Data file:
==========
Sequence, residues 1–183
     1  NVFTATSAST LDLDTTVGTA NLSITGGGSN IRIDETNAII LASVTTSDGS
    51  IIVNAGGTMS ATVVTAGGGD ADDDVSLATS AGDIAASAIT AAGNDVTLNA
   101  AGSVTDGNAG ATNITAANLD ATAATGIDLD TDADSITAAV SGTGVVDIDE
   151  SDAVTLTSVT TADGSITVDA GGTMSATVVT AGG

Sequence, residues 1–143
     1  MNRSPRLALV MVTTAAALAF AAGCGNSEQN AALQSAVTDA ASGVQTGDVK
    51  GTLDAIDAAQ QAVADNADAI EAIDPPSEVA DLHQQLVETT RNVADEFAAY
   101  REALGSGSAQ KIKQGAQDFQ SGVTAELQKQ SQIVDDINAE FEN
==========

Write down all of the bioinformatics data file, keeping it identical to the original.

Sequence, residues 1–183
     1  NVFTATSAST LDLDTTVGTA NLSITGGGSN IRIDETNAII LASVTTSDGS
    51  IIVNAGGTMS ATVVTAGGGD ADDDVSLATS AGDIAASAIT AAGNDVTLNA
   101  AGSVTDGNAG ATNITAANLD ATAATGIDLD TDADSITAAV SGTGVVDIDE
   151  SDAVTLTSVT TADGSITVDA GGTMSATVVT AGG

Sequence, residues 1–143
     1  MNRSPRLALV MVTTAAALAF AAGCGNSEQN AALQSAVTDA ASGVQTGDVK
    51  GTLDAIDAAQ QAVADNADAI EAIDPPSEVA DLHQQLVETT RNVADEFAAY
   101  REALGSGSAQ KIKQGAQDFQ SGVTAELQKQ SQIVDDINAE FEN